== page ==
13. Hi Otto — so true about creativity being born from creativity.

    What are you going to shoot as your personal projects? Do you have themes? Or do you just go where the camera takes you?

    When it comes to creative endeavors, I’m a firm believer that I must at least try. Even if I fail. And I have failed at many things. This summer I tried to write a children’s book. And I did. A few times, actually. I now have four completed (written and illustrated) books on my shelf. The first three were learning lessons. Learning to be creative again, after years of only spotty illustrating. Learning to listen to my inner muse, and learning to fail! But I kept trying. And each book was better than the last. I don’t think that would have happened unless I had just gone out and done it. Like you are going to do with your photo projects.

    So many things got in the way. So many doubts. Yet I plunged ahead. I took the time to write the books, took the time to illustrate them, and saw them through to completion. Talking is good, but doing is better. I’m so proud now, of this fourth book. It was a long way coming, but it was a needed chore to restore my creativity. Now — I don’t want to stop! 🙂 I have two more children’s books in the works, and because I’m now devoting constant time (albeit not that much, as I have two young children), even the little bits of time, because I’m making a point to keep them regular, are keeping my creativity alive. It’s a balancing act, as I’m sure you know. But so worth it. You take beautiful pictures, my friend. And you tell beautiful stories. I’m glad you are listening to your creative self, and I hope I, too, will someday put something creative of my self into this world. Thanks for the thought-provoking post!

    • munchow says:

      Thanks for sharing your experience. How great that you have been able to make four books – and more are in the coming. Congratulations! How did you publish the books? As for myself I have various projects I work on. Some I have mentioned on this blog, but sometimes I just go out on the street and shoot whatever comes in my way.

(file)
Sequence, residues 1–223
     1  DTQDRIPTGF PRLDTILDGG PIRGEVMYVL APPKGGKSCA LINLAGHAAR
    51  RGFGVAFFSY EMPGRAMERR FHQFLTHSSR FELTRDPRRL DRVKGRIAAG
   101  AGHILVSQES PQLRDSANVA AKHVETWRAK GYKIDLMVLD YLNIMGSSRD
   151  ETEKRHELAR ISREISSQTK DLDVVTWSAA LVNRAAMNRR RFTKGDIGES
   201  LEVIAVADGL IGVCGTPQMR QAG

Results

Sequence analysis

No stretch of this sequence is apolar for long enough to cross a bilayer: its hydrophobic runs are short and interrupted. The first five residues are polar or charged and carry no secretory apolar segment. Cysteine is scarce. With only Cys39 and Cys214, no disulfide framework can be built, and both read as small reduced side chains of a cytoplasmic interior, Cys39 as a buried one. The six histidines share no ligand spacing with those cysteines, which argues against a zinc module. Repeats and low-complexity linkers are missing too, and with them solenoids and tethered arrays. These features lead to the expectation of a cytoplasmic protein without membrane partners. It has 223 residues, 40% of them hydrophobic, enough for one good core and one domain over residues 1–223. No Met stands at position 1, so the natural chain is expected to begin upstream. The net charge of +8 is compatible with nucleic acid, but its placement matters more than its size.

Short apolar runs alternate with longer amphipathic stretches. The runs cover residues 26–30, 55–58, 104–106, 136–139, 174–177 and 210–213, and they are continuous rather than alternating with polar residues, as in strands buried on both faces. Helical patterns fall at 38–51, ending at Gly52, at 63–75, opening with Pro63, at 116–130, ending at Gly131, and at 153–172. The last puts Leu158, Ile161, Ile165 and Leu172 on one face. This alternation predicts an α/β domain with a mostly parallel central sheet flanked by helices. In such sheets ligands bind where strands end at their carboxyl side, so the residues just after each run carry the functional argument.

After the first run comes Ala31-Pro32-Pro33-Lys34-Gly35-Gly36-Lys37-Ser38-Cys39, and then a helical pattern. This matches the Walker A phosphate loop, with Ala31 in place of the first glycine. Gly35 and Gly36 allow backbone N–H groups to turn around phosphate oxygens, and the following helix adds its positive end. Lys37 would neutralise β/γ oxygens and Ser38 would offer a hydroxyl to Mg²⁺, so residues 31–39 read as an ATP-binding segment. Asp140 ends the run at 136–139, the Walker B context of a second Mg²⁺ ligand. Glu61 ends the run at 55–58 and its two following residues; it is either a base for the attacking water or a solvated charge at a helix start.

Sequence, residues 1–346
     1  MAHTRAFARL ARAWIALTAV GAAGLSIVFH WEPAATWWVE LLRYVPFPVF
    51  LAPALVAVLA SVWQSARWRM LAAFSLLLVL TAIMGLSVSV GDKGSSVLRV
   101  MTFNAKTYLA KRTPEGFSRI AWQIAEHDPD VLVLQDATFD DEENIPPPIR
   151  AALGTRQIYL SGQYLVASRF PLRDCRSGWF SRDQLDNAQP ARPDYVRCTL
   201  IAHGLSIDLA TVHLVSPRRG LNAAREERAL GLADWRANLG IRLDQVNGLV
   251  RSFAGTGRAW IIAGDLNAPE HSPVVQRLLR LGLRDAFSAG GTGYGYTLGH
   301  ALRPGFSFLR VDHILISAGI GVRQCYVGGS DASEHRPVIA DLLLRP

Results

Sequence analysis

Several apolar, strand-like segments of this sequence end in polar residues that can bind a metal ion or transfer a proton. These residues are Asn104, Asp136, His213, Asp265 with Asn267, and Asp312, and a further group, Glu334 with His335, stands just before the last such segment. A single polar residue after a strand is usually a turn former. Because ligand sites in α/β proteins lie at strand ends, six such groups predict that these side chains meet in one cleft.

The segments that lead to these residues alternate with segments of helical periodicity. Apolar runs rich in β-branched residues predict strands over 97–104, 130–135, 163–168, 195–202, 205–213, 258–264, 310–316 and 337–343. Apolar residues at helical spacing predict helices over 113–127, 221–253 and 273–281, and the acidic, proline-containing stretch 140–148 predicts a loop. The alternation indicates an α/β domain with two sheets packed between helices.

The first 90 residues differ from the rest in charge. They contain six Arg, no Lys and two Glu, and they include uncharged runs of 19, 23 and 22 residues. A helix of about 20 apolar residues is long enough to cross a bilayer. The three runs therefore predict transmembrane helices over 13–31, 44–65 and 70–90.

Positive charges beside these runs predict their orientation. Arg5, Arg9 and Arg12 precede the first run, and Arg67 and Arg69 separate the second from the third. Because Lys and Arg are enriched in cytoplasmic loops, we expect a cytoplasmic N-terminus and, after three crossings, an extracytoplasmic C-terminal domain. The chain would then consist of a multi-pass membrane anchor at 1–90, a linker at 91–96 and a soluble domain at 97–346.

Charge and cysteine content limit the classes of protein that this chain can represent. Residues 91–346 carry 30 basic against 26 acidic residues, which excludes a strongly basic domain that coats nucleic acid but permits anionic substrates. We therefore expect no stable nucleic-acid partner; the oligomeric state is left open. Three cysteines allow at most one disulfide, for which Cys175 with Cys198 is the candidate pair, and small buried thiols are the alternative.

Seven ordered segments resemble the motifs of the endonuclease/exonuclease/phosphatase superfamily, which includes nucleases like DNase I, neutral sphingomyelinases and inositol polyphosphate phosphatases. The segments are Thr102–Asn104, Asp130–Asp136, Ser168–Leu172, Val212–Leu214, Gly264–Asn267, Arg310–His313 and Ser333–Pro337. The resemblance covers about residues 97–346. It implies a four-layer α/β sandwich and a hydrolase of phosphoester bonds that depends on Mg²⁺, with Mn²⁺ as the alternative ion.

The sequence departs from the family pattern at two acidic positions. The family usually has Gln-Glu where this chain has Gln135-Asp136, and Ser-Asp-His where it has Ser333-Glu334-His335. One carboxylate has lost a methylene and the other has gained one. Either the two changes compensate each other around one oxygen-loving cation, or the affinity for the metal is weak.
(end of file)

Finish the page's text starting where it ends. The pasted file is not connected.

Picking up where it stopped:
• It’s inspiring to read about how in touch you are with your creativity.

        I’m in the process right now of reviewing a proof of my first book on Amazon. It’s exciting to finally be close to publishing. After a lot of advice from writer friends (who’ve published both traditionally and self), I decided to go the self-publishing route. Seemed the best fit. Have you ever thought of publishing a book of your photos, travels, inspirations?

  14. As usual I relate so closely to your writing here as an artist who experiences these aspects of creating so closely as you describe. I remember something a teacher of mine said “You need to find something in yourself to relate to personally in any work you do”. That may take some imagination in some circumstances.

    • munchow says:

      I believe the teacher you refer to, was absolutely right. Relating personally to whatever you are working on is so important to make it stand out and be important also for others. And I am very glad that my writing is relating to your way of working.

  15. David Hall says:

    A good maxim Otto and one that I will try to follow.

  16. PC PHOTO says:

    Thank you Otto for you eloquent encouragement!

  17. winsomebella says: